In my opinion, cod is highly underrated and overlooked. Often relegated to being fried and served with chips doused in malt vinegar (which is perfectly fine and delicious), this flaky white fish doesn’t get the attention it deserves. It’s buttery, unassuming, and incredibly versatile, which, as I enter my fourth year full-time in Hudson, New York, has made it all the more appealing.When I lived in Brooklyn, I had access to everything food-wise imaginable. Oysters on a Tuesday night with some bread, butter, and wine? Sure! Beautifully marbled meat from our fantastic butcher The Meat Hook, accompanied by vegetables I snatched up at the Union Square Farmers Market? Yes, please! Delicate, fresh noodles from the artisan pasta shop across the street? Why not? Any craving I had could be fulfilled on my commute from midtown. These days I get to work by walking to my office (it’s next to my bedroom) and dinner is more often than not about using what I’ve got on hand, which in some ways can be more fun. I love a challenge.I’m very lucky to live surrounded by the incredible farmland of the Hudson Valley. I know who grows my vegetables and where my dairy, eggs, and meat come from—and I wouldn’t have it any other way. I also belong to a farm share, which inspires me to look for joy and inspiration in whatever happens to be in my bi-monthly box, even if it is beets ... again.Similarly, the fish I prepare is also determined by what’s readily available, and in this case, cod has gone into regular rotation. Other fish come and go at my local fishmonger’s shop, but I can always count on cod (especially Alaskan cod, which is sustainably caught). In this dish, cod is quickly cooked in a skillet then given the elegant upgrade it deserves: Leeks take a quick bath in a broth composed of white wine and chicken broth; snap peas get the briefest of simmers so they maintain their fresh texture. Butter is swirled in at the end to slightly thicken up the sauce as well as some lemon juice for brightness.I’d pair this dish with a wine that’s equally as dignified, such as a Chablis, which is located in northwest Burgundy and known for having good minerality from the limestone in the soil. Domaine Bersan produces a very nice one. Served all together you’ve got quite a refined meal. And while yes, you could also make this dish with sea bass or halibut, for the love of cod, why would you?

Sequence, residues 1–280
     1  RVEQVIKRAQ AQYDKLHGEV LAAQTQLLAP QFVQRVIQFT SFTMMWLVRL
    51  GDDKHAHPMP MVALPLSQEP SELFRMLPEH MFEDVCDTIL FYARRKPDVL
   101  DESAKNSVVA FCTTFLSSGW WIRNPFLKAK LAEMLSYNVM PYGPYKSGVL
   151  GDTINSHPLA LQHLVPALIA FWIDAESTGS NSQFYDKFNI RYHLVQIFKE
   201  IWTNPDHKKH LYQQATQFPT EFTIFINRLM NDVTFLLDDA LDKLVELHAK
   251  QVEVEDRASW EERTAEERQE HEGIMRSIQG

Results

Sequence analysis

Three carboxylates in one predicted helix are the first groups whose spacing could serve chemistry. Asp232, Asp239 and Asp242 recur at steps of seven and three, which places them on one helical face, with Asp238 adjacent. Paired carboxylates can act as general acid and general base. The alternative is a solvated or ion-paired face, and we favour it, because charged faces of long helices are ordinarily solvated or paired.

“A staple in Irish and Irish-American households, fish pie is usually topped with a puree of white potatoes. But swap white potatoes for sweet potatoes, and it turns out that the mild brininess of the fish is fantastic with the slightly sweet topping. Feel free to substitute salmon or a mild white-fleshed fish for the cod, and shucked clams for the scallops. I find that piping the sweet potato puree onto the casserole is the easiest way to seal in the filling, though carefully spreading it with some patience also works.” Reprinted from Sweet Potatoes. Copyright © 2017 by Mary-Frances Heck. Photographs copyright © 2017 by Kristin Teig. Published by Clarkson Potter/Publishers, an imprint of Penguin Random House, LLC. Slideshow: More Sweet Potato Recipes
Food & Wine’s Paige McCurdy-Flynn poaches delicate cod in a tasty broth, then uses that enriched broth to cook creamy risotto. Slideshow: More Risotto Recipes
In place of meat, Alaskan Chef Lionel Uddipa uses tender cod in this light and healthy take on chicken parmesan. This dish comes together quickly and should be eaten soon after cooking, so get all of your ingredients prepped and ready to cook before you pop your fish in the oven. Slideshow: More Cod Recipes